That Might Work for You, But…

By |2019-01-24T15:16:23+00:00October 6th, 2016|Just for Fun|

Working through Conflicting Matters

Ever have a discussion where opposing views are being discussed with logical progression when suddenly your correspondent ends the conversation with something like: ‘well that might be true for you, but it is not true for me.’

Do you find that a bit frustrating?

On a larger scale, have you witnessed arguments being made about apparently self-evident truths that are now labeled as cultural artifacts?  True at a place and time for one culture but not true for another? Like somehow humanness depends on where and when the human finds himself.  Perhaps more tangibly, at work it is not unusual to experience situational ethics being applied to justify poor or even outrageous behavior.

The underlying logical order in our society suffers. What is true for many is not true for some. That can be frustrating on a local basis if people you care about act in accordance with poor thinking. However, it is worse when it takes place at a societal level. We are seeing wealth, position and power being abused with impunity. Power, unfettered by any sense of modesty or fairness, is in evidence anytime we access the news. No element of our culture seems immune with governmental overreach, corporate malfeasance and corruption dominating the daily news cycle. The masses must abide by the rules, but they don’t apply to me! Why? Because I am strong and you are weak and I CAN.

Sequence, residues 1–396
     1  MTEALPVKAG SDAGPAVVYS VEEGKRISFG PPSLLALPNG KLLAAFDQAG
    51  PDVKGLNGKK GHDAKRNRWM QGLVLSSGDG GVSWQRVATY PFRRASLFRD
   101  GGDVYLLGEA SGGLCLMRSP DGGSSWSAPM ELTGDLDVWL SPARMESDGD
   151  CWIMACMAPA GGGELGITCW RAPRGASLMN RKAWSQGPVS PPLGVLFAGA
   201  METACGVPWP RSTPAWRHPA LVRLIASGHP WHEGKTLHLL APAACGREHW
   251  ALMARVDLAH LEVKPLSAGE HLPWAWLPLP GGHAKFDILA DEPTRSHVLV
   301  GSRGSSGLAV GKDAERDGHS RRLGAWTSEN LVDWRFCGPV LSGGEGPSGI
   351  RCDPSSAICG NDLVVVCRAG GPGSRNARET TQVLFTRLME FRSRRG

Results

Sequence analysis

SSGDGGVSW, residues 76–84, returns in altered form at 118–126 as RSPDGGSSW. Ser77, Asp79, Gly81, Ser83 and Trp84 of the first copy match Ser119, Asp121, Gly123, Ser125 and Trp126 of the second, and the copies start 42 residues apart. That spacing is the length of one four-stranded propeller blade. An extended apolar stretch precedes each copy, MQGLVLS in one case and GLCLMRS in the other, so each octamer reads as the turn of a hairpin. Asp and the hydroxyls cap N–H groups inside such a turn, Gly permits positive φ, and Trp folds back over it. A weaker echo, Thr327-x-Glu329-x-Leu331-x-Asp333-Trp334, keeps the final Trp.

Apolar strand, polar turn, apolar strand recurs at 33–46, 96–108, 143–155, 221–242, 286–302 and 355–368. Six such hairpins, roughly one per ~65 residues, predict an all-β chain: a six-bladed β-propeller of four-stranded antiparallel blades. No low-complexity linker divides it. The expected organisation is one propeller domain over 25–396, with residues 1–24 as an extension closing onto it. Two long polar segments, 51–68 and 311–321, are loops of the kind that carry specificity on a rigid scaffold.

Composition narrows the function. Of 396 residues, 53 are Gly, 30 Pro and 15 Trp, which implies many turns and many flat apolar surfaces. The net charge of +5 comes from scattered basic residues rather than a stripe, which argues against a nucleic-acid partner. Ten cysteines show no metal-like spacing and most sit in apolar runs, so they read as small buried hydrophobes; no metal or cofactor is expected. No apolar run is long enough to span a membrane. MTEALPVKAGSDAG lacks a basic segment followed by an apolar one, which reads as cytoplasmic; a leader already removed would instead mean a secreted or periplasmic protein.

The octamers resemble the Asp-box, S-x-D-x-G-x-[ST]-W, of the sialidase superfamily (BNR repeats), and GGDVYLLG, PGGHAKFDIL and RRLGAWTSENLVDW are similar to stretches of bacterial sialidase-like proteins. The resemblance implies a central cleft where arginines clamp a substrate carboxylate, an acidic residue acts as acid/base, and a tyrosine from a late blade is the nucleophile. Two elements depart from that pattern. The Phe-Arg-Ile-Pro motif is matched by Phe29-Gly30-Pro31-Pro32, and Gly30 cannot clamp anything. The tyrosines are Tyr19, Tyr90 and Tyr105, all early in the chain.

I think this radical unfairness can be traced to something that has been called the tyranny of relativism.

In a relativistic world view, truth is moveable. It varies from time to time, place to place and person to person. Truth depends on factors. In our society, there is ample evidence of this world view in action, with much collateral damage resulting. For good reason, accepting there is no higher good or truth with a big ‘T’ is not logical.

First, if discussion can be fairly concluded with a relativistic view,  that being –what is true for you does not have to be true for me for no other reason than I don’t feel the same way you do-, we are adopting a self-defeating position and are hurting ourselves.  Why?  Because if we cannot enter into good faith discourse for the purpose of learning, growing and moving to a higher place of understanding, closer to a place we both agree exists (Truth), then discourse becomes meaningless. The end of such discourse is the same: ‘We agree to disagree’.